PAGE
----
In January last year I blogged about Goals and “To Do” lists. I have decided to revisit this to address why To Do lists can go wrong, and how to tackle that.
Most of us carry a rolling To Do list in our heads, giving mental energy over to them not so much through need to remember but due to fear of forgetting something. Unfortunately, the constant reminders to ourselves, the running internal commentary of “mustn’t forget, mustn’t forget” can potentially cause more stress than the task itself – and feeling stressed is linked to poor memory. Ironically, making such an effort to avoid forgetting or missing something can bring about the very thing you fear.
My previous blog post suggested ways to manage this, such as using streamlined and prioritised written lists or phone apps. This can be helpful for many people, but doesn’t tell the whole story.
I recently read this book (language warning!), which asks us to re-examine the things we care about and whether those are the things which we really want or need to care about. We all have limited energy and time to devote to things, but often get bogged down by the routine tasks which “must” be done.
It is worth asking ourselves what we think the outcome might be if some of these ‘To Do’s did not get done. Are we looking at a worst-case scenario? What might a realistic view be? Are these tasks things which really matter to you, or are they things which were drummed into you as “musts” when you were growing up? For whose benefit are these tasks being done? Are we taking on a share of work which rightly belongs to someone else? Do you have anyone else who can take on some of these tasks? Why aren’t they doing so? Does the thought of letting them do something their own way, possibly doing it badly, cause you anguish? What will the effect on you be if they do the task badly?
In many households, one person feels they are carrying the weight of the routine ‘To Do’s that keep everything running. That can not only be draining and frustrating, but also very isolating. Drawing a boundary by saying, “I cannot do any more” and insisting others take responsibility can be very hard. Many of us were raised to be “helpful” and “hardworking”. The thought of saying “No, that is your responsibility” can be frightening because it means letting go of those expectations from self and others. It can just feel easier to accept the draining daily grind than to risk rocking the boat.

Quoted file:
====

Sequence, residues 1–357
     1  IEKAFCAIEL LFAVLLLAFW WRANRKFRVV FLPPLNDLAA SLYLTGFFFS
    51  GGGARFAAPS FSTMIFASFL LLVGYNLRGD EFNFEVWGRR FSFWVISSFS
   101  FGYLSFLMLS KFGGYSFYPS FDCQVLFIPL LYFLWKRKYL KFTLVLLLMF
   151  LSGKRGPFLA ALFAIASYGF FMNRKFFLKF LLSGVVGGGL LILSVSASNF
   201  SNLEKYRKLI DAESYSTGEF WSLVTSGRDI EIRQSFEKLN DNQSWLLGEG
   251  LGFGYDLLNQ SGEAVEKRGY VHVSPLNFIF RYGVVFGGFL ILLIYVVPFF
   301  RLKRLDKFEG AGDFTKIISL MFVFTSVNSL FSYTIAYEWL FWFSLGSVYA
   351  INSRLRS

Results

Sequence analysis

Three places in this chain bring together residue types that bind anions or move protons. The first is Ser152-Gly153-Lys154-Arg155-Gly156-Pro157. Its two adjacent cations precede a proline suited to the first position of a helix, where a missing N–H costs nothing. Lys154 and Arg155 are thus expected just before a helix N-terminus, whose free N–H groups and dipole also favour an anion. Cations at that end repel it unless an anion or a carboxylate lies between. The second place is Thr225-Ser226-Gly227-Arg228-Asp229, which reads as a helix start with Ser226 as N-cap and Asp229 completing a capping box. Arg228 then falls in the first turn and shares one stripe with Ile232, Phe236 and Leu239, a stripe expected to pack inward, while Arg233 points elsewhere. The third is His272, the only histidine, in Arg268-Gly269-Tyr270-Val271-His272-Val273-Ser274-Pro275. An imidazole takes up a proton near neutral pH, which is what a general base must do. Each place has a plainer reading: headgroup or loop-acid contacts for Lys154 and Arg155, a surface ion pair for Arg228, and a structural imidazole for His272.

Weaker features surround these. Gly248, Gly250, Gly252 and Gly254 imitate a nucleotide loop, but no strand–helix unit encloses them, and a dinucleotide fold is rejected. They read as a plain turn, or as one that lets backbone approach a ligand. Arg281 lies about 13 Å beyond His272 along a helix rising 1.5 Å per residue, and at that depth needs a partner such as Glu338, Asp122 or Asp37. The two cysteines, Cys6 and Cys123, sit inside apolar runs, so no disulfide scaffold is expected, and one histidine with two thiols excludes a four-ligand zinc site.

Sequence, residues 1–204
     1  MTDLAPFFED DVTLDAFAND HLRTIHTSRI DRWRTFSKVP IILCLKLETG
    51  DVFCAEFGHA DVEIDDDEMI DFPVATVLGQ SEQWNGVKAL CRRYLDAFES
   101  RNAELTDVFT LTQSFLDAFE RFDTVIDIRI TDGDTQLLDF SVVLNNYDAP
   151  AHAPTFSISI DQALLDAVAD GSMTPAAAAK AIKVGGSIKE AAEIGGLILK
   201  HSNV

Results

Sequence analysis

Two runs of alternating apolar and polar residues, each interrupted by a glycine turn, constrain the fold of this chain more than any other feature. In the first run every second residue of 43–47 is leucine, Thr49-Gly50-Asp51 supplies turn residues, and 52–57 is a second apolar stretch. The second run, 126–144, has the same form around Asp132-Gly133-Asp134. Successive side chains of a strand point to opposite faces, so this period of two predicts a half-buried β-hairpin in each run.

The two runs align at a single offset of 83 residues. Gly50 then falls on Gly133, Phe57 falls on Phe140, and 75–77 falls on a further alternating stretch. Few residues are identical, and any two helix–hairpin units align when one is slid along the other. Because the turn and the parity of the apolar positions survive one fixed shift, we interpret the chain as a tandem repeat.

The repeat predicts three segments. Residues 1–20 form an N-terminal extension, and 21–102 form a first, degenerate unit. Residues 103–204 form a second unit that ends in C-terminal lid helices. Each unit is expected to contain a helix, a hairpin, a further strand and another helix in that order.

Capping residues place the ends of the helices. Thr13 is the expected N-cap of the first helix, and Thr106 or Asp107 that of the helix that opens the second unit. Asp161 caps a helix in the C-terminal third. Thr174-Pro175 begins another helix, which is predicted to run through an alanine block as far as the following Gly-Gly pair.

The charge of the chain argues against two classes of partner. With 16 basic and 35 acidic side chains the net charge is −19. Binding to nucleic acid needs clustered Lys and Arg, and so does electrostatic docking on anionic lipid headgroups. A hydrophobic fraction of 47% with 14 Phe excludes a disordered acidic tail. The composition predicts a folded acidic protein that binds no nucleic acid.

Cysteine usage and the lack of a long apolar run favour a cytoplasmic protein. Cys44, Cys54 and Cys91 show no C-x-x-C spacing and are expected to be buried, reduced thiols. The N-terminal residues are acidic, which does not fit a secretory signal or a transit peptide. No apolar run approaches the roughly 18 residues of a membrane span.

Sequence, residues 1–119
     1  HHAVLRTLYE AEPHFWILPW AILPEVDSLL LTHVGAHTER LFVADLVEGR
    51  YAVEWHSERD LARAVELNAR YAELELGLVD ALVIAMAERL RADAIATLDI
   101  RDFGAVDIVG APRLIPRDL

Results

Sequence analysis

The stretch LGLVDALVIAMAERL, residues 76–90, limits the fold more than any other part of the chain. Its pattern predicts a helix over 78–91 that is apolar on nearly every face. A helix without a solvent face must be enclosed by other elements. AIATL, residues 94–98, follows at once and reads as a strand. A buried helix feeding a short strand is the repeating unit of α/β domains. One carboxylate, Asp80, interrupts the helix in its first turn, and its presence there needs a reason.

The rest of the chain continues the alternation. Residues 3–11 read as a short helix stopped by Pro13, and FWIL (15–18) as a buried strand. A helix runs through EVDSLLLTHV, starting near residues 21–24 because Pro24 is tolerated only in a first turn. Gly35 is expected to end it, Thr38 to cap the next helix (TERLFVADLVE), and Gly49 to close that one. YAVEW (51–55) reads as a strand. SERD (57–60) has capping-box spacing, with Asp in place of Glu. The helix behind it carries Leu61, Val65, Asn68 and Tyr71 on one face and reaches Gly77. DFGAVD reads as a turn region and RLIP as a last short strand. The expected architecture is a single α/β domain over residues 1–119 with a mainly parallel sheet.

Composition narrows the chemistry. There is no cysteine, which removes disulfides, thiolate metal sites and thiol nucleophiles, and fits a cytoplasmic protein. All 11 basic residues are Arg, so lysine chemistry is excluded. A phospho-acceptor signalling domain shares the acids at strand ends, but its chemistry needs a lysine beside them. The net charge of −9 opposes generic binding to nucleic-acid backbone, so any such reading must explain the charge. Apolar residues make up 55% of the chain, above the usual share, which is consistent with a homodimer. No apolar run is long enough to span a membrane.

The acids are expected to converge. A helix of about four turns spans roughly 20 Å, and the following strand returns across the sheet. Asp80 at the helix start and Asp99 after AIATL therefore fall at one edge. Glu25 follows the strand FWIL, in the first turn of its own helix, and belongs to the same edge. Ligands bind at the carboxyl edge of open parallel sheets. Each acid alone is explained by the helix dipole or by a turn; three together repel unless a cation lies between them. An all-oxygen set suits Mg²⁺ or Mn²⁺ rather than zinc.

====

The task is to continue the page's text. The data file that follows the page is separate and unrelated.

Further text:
If you want to start a conversation about this with those around you, it is helpful to use ‘”I” statements’ to keep communication lines open. Saying “You always…” or “You never…” might well be true, but it also encourages defensiveness and closing of communication by the other person. For example, how might you react to “You never complete this task and I am fed up with it!” versus “I feel utterly exhausted by completing this task every day. I feel upset that I am not receiving help from you”? This can also be managed by considering the roles you might be playing in a Drama Triangle, and how that causes things to go round and round rather than resolving.
What is on your ‘To Do’ list today? How much of it is really yours? What would you like to let go of, and can you give yourself permission for that?
If you would like help with some of the issues raised by this blog post, please contact me to make an appointment.